A Report on “Go No-Go” Policy
Professor Gurdeep Singh
What is the concept of “go and no go”?
The concept of `go and no go’ areas is the new strategy formulated by the Environment Ministry to categorize coal-bearing areas in the country as “go and no go” areas for miners. It is to proposed to replace the earlier system of environment and forestry clearance to projects using the existing norms and through the Forest Advisory Committee (FAC). Under the Forest Conservation Act , 1980, all diversion of forest cover for non-forest uses requires the approval of FAC. What is the faceoff?
There is an overlap of the regulations by the Coal Ministry and Environment Ministry over the coal mine rights. The Ministry of Coals had earlier (2010) considered keeping 10% of thickly forested areas in the “no go” zone and open others for mining after following the due clearance process. Prior to that the environment ministry had carried out a joint exercise with the coal ministry studying nine major coal mining areas. fields (Singrauli,IB valley,Mand Raigarh,Sohagpur,Talcher,Vardha valley,Hasdeo-Arand, North karanpura and West bokaro). The ministry classified these blocks into categories: (1) Category A or NO GO areas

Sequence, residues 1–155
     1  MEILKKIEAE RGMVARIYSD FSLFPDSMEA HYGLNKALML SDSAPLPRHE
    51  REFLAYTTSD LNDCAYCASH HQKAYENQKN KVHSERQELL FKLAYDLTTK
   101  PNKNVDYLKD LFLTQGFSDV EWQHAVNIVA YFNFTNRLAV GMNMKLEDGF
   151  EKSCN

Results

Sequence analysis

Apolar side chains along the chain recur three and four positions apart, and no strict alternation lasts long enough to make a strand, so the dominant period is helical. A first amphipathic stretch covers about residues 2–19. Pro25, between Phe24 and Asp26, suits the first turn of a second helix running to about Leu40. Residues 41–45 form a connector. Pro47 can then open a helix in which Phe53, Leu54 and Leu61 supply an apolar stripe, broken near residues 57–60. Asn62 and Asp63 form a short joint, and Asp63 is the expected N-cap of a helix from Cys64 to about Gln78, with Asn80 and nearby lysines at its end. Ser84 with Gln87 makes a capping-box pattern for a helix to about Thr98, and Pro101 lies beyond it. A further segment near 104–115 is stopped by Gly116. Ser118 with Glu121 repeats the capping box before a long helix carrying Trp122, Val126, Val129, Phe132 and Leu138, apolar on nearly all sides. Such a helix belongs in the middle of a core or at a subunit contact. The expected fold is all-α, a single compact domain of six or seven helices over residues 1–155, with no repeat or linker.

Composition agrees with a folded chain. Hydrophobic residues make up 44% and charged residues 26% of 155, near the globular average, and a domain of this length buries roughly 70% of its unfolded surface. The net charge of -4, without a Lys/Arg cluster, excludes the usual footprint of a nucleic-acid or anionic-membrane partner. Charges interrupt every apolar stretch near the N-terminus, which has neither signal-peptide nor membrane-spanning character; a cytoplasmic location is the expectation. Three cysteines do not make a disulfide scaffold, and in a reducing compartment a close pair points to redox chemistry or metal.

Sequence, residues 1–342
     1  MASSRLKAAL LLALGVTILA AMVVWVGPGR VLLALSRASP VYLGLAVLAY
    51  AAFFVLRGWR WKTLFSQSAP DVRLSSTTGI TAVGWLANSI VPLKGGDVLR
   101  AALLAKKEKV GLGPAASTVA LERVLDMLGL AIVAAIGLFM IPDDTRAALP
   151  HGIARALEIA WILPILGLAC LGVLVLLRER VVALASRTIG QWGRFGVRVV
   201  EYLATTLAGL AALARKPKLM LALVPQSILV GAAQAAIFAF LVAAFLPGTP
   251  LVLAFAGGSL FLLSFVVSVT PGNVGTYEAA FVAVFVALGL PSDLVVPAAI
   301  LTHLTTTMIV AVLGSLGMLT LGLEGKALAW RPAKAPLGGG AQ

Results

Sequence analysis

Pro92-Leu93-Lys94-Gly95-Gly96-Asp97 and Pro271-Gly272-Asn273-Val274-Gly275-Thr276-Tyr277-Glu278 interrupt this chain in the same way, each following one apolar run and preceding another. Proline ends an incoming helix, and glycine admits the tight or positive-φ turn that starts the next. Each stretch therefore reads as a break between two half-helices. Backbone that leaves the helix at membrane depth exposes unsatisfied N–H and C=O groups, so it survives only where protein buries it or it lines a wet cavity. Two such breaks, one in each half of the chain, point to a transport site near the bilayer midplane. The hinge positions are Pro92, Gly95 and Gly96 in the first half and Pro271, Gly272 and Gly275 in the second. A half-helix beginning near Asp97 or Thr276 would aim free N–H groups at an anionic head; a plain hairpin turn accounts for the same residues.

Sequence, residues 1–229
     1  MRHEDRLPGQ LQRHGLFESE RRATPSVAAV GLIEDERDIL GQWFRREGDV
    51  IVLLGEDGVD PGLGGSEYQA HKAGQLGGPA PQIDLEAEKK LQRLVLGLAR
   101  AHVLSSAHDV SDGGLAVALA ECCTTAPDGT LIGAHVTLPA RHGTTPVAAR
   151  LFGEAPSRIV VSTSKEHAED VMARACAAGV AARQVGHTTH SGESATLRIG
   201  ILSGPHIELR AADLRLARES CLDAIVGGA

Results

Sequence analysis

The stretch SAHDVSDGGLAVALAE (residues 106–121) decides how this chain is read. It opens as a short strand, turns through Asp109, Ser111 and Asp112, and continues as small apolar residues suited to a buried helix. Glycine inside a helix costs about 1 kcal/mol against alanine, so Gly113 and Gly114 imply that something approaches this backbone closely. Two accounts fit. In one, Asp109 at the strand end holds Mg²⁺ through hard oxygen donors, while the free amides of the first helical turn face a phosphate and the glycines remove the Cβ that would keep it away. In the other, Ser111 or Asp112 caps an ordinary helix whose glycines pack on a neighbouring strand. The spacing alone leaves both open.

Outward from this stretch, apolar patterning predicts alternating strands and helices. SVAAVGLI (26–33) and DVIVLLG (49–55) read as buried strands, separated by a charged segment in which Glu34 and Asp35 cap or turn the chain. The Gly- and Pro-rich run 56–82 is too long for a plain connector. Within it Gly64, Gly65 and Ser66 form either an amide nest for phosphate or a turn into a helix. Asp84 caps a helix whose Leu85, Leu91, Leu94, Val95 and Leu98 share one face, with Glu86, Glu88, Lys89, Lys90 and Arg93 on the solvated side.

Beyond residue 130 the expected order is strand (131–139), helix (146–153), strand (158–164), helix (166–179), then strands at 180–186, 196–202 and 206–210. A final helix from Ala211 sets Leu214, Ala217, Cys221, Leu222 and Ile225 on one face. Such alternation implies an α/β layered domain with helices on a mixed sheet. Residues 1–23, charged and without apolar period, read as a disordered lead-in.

(2) Category B or GO areas
The current policy defines category A blocks as those :
* having either more than 10 percent weighted forest cover(WFC) * or more than 30 percent gross forest cover(GFC). If both the conditions are not met it is a category B block. The formula for weighted forest cover (WFC) is derived as follows
WFC=(ADVT*0.85) +(AMDF*0.55) +(AOF*0.25)
Where ADVT =dense forest cover >= 0.85 are mid values of canopy density AMDF=moderate dense forest cover >=0.55 are mid values of canopy density AOF= open forest cover >=0.25 are mid values of canopy density.
% =WFC/total area of block
This exercise concluded that about 48% of the area under study (primarily in central and eastern India) is not viable for...
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